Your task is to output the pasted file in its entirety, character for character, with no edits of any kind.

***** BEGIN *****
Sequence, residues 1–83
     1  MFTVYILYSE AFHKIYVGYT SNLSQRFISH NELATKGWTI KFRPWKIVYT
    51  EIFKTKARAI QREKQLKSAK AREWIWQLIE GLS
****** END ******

Sequence, residues 1–83
     1  MFTVYILYSE AFHKIYVGYT SNLSQRFISH NELATKGWTI KFRPWKIVYT
    51  EIFKTKARAI QREKQLKSAK AREWIWQLIE GLS